The Mullard EL38 was designed, in the late 1940s, as a television line output stage valve. The E3375 is the experimental Type designation for the M-OV equivalent but we have not found a specific data-sheet for this Type.
In the early days of CRT based television the tubes could have been either electrostatic or magnetic deflection. The EHT supplies were mainly derived from special mains transformers and ran at about 10 - 14 kV. Thus the line output valve was not as heavily stressed as later types had to be.
The EL38 was designed to withstand a positive anode surge of 8,000 Volts and in addition to the 25 Watt anode dissipation the screen grid was wound to withstand a dissipation of 8 Watts.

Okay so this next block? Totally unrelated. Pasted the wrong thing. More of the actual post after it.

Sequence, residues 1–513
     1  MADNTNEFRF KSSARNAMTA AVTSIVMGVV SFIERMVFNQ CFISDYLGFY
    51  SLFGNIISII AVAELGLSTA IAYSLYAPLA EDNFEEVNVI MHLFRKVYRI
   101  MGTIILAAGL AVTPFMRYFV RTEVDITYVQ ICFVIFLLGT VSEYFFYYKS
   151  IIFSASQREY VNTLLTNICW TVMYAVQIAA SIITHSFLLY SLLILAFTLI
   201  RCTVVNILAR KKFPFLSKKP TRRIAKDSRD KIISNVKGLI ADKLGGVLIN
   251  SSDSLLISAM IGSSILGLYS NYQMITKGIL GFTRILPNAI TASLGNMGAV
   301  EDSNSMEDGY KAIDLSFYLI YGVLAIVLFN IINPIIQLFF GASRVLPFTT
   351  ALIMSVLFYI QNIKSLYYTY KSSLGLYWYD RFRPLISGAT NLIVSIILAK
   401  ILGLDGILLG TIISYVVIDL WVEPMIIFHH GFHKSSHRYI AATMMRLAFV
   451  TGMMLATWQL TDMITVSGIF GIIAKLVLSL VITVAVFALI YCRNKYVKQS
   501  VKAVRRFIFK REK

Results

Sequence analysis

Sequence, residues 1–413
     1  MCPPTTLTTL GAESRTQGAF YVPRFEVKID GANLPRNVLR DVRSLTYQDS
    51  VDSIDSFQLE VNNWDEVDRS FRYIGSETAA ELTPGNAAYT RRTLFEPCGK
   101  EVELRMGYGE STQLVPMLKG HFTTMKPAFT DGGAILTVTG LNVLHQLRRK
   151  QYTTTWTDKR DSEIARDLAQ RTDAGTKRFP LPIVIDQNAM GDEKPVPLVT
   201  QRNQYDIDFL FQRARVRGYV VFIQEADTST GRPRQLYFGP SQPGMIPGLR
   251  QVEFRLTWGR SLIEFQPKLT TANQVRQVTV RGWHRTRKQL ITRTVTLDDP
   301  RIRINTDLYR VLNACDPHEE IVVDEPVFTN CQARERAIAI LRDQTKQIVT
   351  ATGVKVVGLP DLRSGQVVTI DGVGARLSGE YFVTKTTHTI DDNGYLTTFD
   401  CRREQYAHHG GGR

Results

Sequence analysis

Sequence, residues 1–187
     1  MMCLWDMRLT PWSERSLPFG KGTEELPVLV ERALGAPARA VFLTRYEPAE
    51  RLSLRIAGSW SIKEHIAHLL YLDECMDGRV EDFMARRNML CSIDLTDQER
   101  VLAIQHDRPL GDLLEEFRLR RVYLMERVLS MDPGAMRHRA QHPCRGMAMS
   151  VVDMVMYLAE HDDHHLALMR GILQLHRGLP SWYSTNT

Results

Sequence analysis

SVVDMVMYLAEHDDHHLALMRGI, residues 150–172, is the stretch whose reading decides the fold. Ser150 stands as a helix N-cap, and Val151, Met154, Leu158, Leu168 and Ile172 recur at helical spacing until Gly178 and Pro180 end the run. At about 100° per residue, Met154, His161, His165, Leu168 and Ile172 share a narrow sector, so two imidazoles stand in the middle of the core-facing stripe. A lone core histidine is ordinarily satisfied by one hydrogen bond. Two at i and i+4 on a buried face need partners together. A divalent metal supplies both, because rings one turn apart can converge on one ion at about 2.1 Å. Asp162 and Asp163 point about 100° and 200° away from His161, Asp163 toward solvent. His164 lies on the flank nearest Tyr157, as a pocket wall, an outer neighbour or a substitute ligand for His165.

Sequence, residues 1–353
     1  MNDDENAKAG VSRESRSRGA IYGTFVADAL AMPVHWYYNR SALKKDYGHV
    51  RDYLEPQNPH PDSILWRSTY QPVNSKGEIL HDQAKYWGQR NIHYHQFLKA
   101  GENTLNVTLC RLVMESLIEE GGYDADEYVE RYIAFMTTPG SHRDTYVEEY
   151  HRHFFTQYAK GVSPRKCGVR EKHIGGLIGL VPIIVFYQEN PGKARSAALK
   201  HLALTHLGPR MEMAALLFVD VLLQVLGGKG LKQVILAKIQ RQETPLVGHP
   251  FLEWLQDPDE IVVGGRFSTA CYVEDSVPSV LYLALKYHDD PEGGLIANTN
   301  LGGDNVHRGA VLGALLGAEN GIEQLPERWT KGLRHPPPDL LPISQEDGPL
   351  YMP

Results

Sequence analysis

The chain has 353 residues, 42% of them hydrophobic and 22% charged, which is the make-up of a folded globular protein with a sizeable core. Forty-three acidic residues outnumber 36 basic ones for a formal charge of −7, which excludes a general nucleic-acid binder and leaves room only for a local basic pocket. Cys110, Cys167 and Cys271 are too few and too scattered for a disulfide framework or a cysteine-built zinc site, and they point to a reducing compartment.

The GEC label to the right - the GEC brand was used for professional valves whereas Marconi and Osram were the consumer brands of M-OV. The construction is with a pressed glass foot rather than a pinch and is probably post war. The control grid supports can be seen to be copper.
The folded anode is rectangular in section with side flanges that fix to the support rods.
The wide glass tube envelope is 32 mm in diameter and, excluding the IO base pins, is 103 mm tall.
Reference: Data-sheet. Type E3375 was first introduced in 1946.